“Nevertheless we, according to His promise, look for new heavens and a new earth in which righteousness dwells” (verse 13). The Greek word Peter uses for “new” is kainos, which refers to a state of freshness, rather than the Greek word neos, which means new in terms of age. Whether the earth is entirely consumed by this fire or the surface is melted and thereby purified, the end result will still be a planet that is “new”—remade or refashioned by God. We see that it is still called the “earth” and that the heavens will likewise be made “new.”
Psalm 102:25-26 compares this future transformation to putting on a new garment: “Of old You laid the foundation of the earth, and the heavens are the work of Your hands. They will perish, but You will endure; yes, they will all grow old like a garment; like a cloak You will change them, and they will be changed.”
Again, whether God will replace existing stars and planets with new ones or transform those now existing into a new state or configuration that endures forever is something we will find out when the time comes.
In Revelation 21:1 John writes, “Now I saw a new heaven and a new earth, for the first heaven and the first earth had passed away. Also there was no more sea.”
John here uses the same Greek word for “new” that Peter used, which means a state of freshness. He also uses the singular word “heaven,” rather than the plural that Peter used. Perhaps John simply means all that is seen from the earth, which would include the atmosphere and all that is seen in the night sky.
The Greek word that John uses for “passed away” in Revelation 21:1 conveys the idea of something that has come and gone.
If heaven—God’s current abode—were the eternal reward of the righteous, as traditional Christianity teaches, then there would be no purpose for a new earth. The truth—the purpose for a new earth—is spoken of by Christ: “Blessed are the meek, for they shall inherit the earth” (Matthew 5:5).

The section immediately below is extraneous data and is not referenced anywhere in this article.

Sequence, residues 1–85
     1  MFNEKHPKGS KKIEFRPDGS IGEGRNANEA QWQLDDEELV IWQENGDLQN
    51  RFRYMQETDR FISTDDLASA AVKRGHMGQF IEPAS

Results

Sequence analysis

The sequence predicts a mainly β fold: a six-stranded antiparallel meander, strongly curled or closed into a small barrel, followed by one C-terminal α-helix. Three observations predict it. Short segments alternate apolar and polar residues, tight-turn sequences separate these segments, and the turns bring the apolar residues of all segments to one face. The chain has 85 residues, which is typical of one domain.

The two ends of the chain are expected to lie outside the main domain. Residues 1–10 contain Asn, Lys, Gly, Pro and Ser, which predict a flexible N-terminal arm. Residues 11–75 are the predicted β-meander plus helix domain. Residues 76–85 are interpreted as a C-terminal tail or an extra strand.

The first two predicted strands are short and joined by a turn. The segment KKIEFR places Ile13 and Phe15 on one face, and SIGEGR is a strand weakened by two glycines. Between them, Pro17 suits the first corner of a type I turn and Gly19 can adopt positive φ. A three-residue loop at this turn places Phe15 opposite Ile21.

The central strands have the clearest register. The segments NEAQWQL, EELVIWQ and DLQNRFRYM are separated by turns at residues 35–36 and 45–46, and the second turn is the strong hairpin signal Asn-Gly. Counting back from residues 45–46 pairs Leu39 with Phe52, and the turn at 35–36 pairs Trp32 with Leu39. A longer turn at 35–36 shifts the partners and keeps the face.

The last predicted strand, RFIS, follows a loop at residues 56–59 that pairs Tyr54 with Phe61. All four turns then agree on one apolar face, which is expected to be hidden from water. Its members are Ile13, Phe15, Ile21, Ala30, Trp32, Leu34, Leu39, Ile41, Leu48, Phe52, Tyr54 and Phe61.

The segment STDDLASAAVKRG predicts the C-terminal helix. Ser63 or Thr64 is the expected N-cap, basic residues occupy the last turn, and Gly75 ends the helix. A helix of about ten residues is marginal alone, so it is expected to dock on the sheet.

What will be so special about inheriting the earth instead of heaven? First, we know that God is going to transform this earth into a pure, fresh, beautiful new earth.
Notice what will happen next: “Then I, John, saw the holy city, New Jerusalem, coming down out of heaven from God, prepared as a bride adorned for her husband” (Revelation 21:2). Upon this newly refashioned earth will descend a dazzling, enormous city that extends some 1,500 miles in each direction! Verses 9-27 describe this incredible city in more detail. Even Abraham, the “father of all those who believe” (Romans 4:11), looked forward to this future city: “For he waited for the city which has foundations, whose builder and maker is God” (Hebrews 11:10).
Verse 16 also makes clear that God has prepared this city for His faithful elect: “Therefore God is not ashamed to be called their God, for He has prepared a city for them.” And again in Hebrews 13:14: “For here we have no continuing city, but we seek the one to come.”
Why such a huge city? When Christ returns in the near future, He will reign from Jerusalem, making it the capital of the earth. But when New Jerusalem is on earth, it will become the capital of the entire universe!
It will even become the new residence of God the Father Himself! Notice Revelation 21:3: “And I heard a loud voice from heaven saying, ‘Behold, the tabernacle of God is with men, and He will dwell with them, and they shall be His people. God Himself will be with them and be their God.’” Verse 22 adds: “But I saw no temple in it, for the Lord God Almighty and the Lamb are its temple.”